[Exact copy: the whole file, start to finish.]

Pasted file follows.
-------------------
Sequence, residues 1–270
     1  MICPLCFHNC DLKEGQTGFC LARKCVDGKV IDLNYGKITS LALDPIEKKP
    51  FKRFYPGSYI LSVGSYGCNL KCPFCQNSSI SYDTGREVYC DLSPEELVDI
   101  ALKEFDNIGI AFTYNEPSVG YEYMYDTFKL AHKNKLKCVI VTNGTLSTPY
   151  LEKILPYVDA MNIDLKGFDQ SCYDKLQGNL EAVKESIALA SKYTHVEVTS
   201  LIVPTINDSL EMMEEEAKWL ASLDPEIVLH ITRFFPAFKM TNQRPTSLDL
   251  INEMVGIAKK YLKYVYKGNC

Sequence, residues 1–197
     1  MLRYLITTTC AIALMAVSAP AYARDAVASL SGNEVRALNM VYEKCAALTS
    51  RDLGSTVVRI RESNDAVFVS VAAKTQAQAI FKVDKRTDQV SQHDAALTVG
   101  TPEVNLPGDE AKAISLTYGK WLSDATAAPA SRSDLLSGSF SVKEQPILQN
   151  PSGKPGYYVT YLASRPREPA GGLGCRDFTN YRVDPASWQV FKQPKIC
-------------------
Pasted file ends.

Sequence, residues 1–270
     1  MICPLCFHNC DLKEGQTGFC LARKCVDGKV IDLNYGKITS LALDPIEKKP
    51  FKRFYPGSYI LSVGSYGCNL KCPFCQNSSI SYDTGREVYC DLSPEELVDI
   101  ALKEFDNIGI AFTYNEPSVG YEYMYDTFKL AHKNKLKCVI VTNGTLSTPY
   151  LEKILPYVDA MNIDLKGFDQ SCYDKLQGNL EAVKESIALA SKYTHVEVTS
   201  LIVPTINDSL EMMEEEAKWL ASLDPEIVLH ITRFFPAFKM TNQRPTSLDL
   251  INEMVGIAKK YLKYVYKGNC

Sequence, residues 1–197
     1  MLRYLITTTC AIALMAVSAP AYARDAVASL SGNEVRALNM VYEKCAALTS
    51  RDLGSTVVRI RESNDAVFVS VAAKTQAQAI FKVDKRTDQV SQHDAALTVG
   101  TPEVNLPGDE AKAISLTYGK WLSDATAAPA SRSDLLSGSF SVKEQPILQN
   151  PSGKPGYYVT YLASRPREPA GGLGCRDFTN YRVDPASWQV FKQPKIC